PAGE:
Acids and Bases

Brandon Easter and Patrick Mock II

Acids

The term Lewis Acid refers to a definition of acid published by Gilbert N. Lewis in 1923, specifically: An acid substance is one which can employ an electron lone pair from another molecule in completing the stable group of one of its own atoms. A weak acid is an acid which partially ionises when dissolved in water to produce a low concentration of hydrogen ions.
A strong acid is an acid which ionises almost completely when dissolved in water to produce a high concentration of hydrogen ions. An acid has an irritating smell and tastes sour. A chemical property is that an acid will react with a base to produce a salt and water. Acids also have hydrogen atoms that causes an acid's dissolving power.

Reactions

When an acid and a base are placed together, they react to neutralize the acid and base properties, producing a salt. The H(+) cation of the acid combines with the OH(-) anion of the base to form water. The compound formed by the cation of the base and the anion of the acid is called a salt

Bases

Bases are substances which produce hydroxide ions in solution. A strong base is a base that dissociates completely into a metal ion and hydroxide ion in aqueous solution. A weak base is a base that dissociates only slightly in aqueous solution.

Measurements

  • On a scale of 1-14 measuring the concentrations of Ph and POh
  • The pH scale measures how acidic or basic a substance is. The pH scale ranges from 0 to 14. A pH of 7 is neutral. A pH less than 7 is acidic. A pH greater than 7 is basic.

Indicators

An acid-base indicator is a weak acid or a weak base. The undissociated form of the indicator is a different color than the iogenic form of the indicator. 3 examples of indicators are cresol read, nitramine, and thymol blue. Your house and garden are 2 examples of common products that can be used as an indicator.The indicators change color because the chemicals in the indicator and the chemicals of the reactor are reacting with each other creating new chemicals that has a color.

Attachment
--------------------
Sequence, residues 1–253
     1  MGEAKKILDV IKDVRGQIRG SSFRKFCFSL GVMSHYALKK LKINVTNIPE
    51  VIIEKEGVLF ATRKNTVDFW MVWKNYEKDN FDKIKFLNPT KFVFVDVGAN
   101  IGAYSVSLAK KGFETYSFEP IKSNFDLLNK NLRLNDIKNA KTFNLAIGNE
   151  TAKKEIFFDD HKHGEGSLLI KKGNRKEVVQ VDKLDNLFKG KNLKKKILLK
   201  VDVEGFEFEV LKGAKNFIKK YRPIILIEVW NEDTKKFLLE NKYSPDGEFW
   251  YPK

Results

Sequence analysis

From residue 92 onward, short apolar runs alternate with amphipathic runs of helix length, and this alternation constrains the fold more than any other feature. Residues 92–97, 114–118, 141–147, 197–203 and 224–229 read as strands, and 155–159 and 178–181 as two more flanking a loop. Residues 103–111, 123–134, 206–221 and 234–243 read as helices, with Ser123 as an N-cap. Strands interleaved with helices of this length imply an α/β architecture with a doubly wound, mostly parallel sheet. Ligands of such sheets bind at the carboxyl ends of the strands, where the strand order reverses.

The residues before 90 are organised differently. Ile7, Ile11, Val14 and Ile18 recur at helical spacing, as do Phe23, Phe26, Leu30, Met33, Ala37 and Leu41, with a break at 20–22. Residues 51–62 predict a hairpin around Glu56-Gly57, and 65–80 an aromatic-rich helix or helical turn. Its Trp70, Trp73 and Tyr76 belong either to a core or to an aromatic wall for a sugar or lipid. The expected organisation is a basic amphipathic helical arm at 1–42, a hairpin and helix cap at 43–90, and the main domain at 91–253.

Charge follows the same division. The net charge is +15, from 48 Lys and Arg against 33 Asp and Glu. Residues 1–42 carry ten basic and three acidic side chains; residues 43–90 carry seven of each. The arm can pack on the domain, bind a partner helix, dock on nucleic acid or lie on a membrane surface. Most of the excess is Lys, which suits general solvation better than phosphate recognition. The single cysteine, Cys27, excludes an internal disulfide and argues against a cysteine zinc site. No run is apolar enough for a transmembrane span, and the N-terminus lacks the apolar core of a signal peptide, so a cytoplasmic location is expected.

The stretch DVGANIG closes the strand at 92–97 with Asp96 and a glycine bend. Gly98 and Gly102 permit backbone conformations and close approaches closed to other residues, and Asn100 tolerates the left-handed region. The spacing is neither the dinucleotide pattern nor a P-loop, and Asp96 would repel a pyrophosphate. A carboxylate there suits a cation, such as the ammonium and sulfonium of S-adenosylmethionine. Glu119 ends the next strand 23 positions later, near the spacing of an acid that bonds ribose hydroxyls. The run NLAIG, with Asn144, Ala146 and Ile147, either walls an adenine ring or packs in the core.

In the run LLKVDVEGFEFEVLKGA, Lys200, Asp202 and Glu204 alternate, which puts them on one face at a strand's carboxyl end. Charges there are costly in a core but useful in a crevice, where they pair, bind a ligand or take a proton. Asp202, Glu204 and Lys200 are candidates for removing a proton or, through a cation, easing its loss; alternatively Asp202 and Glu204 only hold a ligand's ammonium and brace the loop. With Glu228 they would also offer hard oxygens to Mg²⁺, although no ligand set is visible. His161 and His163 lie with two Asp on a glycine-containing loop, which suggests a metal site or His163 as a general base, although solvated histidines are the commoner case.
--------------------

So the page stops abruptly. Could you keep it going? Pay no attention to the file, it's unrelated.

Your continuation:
Acid Rain

The primary cause of 'acid rain,' more accurately called acid deposition, is air pollution from burning fossil fuels. Fossil fuel use does not directly emit acids into the atmosphere. Instead, it releases large amounts of acid precursors, primarily sulfur oxides (SOx) and nitrogen oxides (NOx). When exposed to the atmosphere, these react with water to form sulfuric acid and nitric acid, components of acid deposition. Acid rain can also have a damaging effect on many objects, including buildings, statues, monuments, and cars. The chemicals found in acid rain can cause paint to peel and stone statues to begin to appear old and worn down, which reduces their value and beauty.
Acid Base Introduction